Refusing to Take Risks. Biological parents must take whatever risks necessary in order to move their spouse into a place of priority. Children sometimes threaten to spend more time at the other home, or protest changes in the home with anger, or close themselves off to a relationship with the stepparent as a way of discouraging their parent from investing in the marriage. Even then, biological parents must be willing to take a few risks in order to move the marriage to a place of priority.
A Stepparent’s Misstep
This dynamic coin has another side. Biological parents feel resentful when stepparents push them away from their children. Like Sarah insisting that Abraham disengage from his son Ishmael, stepparents who repeatedly turn everyday circumstances into a “me or them” decision inadvertently push their spouse into a defensive posture in support of their children. This is nothing but trouble. Stepparents cannot afford to put themselves in competition with their stepchildren, but instead should support their spouse’s relationship with their children.
Moving Your Marriage into the Front Seat
How can couples establish their relationship as the foundation of the home when children preceded the marriage? Here are some practical tips:
- Set a regular date night and keep it. Prioritizing time for one anther helps children see the importance you place on your relationship. Children, of course, will get plenty of your time and energy so make sure you find time to nurture your marriage as well.
- Bio parents should strive to trust the heart of their spouse (stepparent). Assume they have good-will toward your child even if they complain about them. Strive to give the stepparent equal say in parenting decisions; be a team.
- Support your spouse in front of your children. Back up their parenting actions and insist that children respect their stepparent.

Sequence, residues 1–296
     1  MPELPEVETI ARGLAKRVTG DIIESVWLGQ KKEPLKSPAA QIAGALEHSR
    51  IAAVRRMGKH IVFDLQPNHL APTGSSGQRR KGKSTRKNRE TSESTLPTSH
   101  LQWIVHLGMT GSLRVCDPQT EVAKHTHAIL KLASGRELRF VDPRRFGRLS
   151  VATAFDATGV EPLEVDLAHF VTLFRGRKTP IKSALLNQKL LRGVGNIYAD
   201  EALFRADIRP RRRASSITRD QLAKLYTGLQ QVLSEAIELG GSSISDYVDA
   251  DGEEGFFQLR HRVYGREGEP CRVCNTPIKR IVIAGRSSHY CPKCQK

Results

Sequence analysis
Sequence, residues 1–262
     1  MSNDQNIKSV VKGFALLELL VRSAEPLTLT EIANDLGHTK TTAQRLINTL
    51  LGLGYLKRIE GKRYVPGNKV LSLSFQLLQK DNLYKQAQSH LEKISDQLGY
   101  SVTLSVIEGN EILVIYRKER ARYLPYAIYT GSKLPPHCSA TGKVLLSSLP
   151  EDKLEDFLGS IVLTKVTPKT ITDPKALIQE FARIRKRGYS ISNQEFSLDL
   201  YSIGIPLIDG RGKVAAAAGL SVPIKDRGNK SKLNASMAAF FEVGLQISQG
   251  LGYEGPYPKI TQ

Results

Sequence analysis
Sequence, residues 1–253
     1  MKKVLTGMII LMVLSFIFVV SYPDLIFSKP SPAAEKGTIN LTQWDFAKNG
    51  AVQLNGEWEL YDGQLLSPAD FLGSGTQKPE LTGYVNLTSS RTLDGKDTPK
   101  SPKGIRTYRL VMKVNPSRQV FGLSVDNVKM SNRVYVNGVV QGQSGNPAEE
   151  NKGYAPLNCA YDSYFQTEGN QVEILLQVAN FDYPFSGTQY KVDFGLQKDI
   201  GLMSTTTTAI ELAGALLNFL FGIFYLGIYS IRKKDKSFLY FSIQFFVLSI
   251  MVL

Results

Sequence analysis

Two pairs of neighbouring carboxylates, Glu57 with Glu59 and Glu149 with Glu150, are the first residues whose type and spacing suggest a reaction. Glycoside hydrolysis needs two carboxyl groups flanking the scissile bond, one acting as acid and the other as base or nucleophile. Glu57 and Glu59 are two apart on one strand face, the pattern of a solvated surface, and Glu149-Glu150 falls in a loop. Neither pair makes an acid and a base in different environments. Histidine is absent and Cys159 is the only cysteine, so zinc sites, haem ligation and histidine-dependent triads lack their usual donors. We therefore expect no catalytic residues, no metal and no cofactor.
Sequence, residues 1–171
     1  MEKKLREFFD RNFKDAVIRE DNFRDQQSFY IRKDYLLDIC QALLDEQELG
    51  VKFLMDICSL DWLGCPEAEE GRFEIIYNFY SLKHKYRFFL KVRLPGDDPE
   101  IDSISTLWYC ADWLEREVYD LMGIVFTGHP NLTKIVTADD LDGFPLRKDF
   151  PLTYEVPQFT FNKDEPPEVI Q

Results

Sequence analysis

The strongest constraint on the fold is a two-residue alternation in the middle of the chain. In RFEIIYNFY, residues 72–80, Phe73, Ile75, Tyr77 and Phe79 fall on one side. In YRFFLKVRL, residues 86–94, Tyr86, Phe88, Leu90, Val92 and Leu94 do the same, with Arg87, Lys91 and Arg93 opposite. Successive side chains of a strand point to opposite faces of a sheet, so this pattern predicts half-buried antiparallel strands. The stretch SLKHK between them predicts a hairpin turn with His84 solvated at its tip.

- Affirm your commitment “out loud”. Verbally expressing love to one another in front of the children, hugging in plain site, and talking about your future together reinforce the permanency of your marriage.
- Stepparents should insist “out loud” that their spouse spend special time with their biological children. This communicates that you are not in competition with them.
- Bio parents: spend one-on-one time with your kids and remain involved in their activities. This reinforces that they haven’t “lost” you and paradoxically makes their acceptance of your marriage easier.
- When children shows signs of stress or anxiety as you “move your spouse into the front seat of your heart”, be sympathetic, but don’t let them guilt you into taking their side. Just because children hand you a ticket for a guilt-trip doesn’t mean you have to go for the ride!
- When children challenge the role of the stepparent, respond firmly and with compassion. “You’re just changing the rule because she wants you to,” is a common complaint. Acknowledge the child’s confusion and move forward. “You’re right. Things are different now that Linda and I parent together. And you know if I were you, I’d be upset about this, too. But this is the new rule and I’m in agreement with it, so please abide by it. Let’s go.”
Ron L. Deal is Founder and President of Smart Stepfamilies and author of The Smart Stepfamily: Seven Steps to a Healthy Family.